Ever since Kyoto was founded by the Emperor Kanmu in 794, its temples, garden sanctuaries, artisan quarters, elegant back streets and superb inns and shops have lent credence to the city's nickname, "Hana no Miyako," the City of Flowers.

Every flower needs a ready source of water to thrive, a commodity which Kyoto, fortunately, has in plenty. If the history of the Arabs has been influenced by the absence of water, Japan's culture has been shaped by its abundance. Kyoto, with its rivers, commercial canals, irrigation channels, artesian wells and garden ponds, is perhaps the most aquatic of Japan's inland cities, though in such a discreet and seductive way that you would hardly notice.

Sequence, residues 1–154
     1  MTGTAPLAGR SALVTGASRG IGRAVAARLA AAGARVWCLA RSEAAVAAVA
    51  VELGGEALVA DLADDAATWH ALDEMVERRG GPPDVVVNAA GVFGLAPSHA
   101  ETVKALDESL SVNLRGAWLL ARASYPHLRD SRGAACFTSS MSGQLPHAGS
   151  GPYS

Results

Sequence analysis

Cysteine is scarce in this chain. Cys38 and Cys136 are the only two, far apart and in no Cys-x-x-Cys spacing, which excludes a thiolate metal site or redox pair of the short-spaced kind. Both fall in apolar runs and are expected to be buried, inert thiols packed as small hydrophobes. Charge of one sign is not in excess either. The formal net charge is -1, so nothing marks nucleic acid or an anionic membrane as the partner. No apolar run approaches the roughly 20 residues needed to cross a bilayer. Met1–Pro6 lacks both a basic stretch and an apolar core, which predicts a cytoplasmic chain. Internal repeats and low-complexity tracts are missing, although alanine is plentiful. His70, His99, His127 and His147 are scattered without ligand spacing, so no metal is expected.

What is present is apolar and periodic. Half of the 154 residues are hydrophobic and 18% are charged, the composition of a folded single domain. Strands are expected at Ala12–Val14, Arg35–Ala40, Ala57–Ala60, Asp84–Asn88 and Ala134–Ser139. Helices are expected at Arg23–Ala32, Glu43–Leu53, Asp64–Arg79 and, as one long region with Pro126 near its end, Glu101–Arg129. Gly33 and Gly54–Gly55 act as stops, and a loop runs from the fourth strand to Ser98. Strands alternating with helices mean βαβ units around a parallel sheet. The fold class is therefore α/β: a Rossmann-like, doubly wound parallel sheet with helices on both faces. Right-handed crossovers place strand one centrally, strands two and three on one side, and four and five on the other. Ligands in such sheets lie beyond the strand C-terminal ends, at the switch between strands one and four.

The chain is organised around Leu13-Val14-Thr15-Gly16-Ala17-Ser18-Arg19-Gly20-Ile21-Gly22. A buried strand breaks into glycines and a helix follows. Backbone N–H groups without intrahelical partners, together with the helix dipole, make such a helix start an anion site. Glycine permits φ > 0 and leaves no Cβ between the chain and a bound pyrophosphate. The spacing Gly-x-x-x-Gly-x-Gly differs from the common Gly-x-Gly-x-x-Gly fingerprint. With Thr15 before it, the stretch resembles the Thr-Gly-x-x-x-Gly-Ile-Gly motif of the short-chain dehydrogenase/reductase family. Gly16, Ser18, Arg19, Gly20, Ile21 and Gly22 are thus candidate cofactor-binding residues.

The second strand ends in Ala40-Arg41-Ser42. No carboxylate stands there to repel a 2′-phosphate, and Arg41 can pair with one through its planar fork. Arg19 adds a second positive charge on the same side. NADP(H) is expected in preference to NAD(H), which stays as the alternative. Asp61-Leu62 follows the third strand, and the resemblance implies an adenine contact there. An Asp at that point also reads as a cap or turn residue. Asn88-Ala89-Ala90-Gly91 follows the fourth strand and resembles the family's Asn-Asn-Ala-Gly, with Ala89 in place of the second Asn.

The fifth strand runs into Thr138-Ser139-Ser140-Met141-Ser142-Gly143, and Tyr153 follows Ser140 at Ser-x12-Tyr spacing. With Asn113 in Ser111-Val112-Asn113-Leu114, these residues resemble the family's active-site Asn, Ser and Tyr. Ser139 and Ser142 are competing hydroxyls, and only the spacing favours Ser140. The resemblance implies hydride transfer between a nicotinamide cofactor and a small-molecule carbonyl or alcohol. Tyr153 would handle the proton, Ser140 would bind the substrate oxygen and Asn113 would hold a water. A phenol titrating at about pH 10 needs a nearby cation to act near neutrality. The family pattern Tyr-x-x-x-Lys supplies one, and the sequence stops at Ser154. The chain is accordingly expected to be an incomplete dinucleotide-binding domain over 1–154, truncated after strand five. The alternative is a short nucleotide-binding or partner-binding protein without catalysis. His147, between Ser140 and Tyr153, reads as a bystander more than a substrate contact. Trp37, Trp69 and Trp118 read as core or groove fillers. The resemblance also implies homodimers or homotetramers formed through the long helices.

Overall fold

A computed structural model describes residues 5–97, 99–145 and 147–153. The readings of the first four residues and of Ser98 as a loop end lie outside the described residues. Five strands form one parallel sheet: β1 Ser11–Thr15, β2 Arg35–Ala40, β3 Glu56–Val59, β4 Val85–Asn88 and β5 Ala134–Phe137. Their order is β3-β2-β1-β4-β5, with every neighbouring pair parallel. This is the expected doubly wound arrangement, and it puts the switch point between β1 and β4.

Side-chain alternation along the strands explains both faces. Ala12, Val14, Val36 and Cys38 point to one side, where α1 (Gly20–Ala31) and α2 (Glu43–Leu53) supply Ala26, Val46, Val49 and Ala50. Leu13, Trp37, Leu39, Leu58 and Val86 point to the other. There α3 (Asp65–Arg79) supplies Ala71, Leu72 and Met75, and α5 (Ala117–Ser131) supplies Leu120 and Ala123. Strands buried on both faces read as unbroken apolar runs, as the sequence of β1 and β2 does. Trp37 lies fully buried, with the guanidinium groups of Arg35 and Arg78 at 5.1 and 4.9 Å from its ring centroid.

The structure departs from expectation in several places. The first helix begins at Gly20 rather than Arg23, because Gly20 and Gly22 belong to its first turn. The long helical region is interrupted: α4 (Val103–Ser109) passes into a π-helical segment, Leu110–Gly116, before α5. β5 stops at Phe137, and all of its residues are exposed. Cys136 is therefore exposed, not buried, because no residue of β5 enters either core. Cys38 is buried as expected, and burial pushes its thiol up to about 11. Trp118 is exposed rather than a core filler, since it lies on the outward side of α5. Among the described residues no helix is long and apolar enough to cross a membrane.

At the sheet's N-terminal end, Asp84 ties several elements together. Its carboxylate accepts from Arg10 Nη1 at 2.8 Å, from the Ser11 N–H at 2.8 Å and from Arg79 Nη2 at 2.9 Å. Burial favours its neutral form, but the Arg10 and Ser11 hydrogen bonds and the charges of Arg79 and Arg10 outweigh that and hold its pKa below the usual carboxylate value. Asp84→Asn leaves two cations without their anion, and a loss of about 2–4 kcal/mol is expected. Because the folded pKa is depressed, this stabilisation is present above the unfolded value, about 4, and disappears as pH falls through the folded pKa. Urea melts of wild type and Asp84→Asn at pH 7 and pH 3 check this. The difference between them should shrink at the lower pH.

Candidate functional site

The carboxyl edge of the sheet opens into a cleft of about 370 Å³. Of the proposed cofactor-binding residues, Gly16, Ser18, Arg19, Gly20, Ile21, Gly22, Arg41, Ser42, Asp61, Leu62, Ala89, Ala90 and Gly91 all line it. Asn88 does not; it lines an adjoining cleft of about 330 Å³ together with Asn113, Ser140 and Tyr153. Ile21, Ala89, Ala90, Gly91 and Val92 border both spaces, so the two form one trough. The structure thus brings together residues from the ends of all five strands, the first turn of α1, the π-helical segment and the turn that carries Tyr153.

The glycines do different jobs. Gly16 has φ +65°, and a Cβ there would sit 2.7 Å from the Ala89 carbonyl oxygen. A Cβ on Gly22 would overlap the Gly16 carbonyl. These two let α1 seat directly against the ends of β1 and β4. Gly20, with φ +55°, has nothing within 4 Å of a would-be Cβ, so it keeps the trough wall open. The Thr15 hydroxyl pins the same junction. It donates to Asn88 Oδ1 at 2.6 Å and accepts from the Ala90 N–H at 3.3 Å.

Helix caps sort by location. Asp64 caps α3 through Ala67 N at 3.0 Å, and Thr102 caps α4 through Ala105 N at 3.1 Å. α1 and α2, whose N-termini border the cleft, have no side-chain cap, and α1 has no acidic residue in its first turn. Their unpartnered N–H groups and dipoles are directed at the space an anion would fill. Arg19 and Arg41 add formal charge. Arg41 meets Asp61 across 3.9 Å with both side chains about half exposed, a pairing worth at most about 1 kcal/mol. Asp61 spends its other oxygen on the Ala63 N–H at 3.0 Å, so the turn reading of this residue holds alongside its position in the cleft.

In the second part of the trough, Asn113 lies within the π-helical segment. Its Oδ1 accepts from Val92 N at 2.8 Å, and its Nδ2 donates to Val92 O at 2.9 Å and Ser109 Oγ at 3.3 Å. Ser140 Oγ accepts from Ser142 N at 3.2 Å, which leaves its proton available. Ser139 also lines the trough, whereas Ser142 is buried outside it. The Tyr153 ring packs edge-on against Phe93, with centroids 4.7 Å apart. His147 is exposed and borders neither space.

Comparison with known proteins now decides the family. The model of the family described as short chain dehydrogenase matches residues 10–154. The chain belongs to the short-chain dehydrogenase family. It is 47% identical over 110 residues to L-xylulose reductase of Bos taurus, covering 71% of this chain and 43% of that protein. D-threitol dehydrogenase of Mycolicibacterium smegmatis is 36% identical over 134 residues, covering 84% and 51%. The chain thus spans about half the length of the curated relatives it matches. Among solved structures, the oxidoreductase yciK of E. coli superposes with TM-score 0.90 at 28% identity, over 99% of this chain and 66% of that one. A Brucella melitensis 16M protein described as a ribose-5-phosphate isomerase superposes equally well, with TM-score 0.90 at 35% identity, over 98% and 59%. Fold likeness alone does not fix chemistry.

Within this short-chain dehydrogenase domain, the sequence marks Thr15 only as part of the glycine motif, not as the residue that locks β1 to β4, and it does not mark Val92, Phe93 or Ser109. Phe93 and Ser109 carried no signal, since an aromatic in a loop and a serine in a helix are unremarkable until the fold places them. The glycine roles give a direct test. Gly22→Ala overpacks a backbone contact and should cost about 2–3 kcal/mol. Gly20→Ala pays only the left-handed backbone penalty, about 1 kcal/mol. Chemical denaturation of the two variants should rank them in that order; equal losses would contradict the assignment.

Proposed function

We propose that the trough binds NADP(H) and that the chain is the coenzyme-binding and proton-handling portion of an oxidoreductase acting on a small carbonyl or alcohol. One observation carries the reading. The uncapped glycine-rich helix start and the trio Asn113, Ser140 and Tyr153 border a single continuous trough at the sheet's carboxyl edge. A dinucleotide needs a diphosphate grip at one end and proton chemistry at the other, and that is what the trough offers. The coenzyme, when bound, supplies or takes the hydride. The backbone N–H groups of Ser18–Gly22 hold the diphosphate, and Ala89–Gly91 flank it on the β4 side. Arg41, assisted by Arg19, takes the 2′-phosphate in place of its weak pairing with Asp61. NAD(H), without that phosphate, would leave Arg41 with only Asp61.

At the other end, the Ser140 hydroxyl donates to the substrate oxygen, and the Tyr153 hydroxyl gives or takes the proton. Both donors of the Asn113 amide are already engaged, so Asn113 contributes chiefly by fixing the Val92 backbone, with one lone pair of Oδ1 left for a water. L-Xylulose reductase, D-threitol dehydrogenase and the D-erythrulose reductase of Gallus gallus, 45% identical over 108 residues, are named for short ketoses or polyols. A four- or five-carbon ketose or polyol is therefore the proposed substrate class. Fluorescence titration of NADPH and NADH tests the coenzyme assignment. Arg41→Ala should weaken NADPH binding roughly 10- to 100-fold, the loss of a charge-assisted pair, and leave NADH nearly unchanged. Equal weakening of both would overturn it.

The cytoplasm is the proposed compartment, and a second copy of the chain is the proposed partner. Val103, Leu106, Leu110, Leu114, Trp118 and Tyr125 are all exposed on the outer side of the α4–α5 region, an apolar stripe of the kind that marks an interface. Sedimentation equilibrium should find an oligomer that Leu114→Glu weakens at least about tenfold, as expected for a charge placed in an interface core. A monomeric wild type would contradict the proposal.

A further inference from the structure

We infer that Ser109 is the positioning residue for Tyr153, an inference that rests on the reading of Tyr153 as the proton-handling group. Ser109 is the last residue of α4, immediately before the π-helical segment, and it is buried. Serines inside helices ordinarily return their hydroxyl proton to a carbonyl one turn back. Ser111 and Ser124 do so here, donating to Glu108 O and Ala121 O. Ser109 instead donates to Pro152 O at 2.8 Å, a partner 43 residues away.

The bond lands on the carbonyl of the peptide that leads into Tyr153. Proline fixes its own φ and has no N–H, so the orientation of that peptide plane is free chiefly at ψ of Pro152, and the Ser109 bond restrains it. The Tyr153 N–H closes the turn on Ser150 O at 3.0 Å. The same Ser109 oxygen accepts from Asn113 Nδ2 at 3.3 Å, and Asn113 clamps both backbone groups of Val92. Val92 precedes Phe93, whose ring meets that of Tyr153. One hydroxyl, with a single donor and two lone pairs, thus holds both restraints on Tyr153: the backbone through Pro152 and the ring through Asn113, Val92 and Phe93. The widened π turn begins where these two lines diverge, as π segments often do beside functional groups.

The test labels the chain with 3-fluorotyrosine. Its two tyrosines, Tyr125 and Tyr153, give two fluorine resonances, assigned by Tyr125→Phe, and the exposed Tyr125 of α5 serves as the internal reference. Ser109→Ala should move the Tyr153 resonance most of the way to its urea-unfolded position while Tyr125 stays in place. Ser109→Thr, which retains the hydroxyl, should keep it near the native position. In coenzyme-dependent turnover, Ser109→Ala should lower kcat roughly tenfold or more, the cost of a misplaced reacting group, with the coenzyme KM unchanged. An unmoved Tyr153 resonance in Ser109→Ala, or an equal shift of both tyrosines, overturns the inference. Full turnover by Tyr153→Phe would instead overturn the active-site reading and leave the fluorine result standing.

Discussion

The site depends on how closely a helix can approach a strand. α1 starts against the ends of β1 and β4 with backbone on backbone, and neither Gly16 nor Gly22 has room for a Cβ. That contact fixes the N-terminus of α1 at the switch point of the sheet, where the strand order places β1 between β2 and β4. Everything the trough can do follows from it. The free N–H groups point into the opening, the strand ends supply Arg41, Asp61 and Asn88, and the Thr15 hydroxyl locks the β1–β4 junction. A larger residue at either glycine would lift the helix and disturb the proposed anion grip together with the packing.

The site, surrounded by mountains at the northern extremity of a fault basin, was chosen in 793 not only for its conformity to Chinese principals of geomancy, but for its ready supply of water from the Katsura and Kamogawa rivers. Indeed, one of the few traces of cultural geography to have survived from the time of the Emperor Kanmu is a large pond, originally part of the Shinsen-en, or "divine spring garden."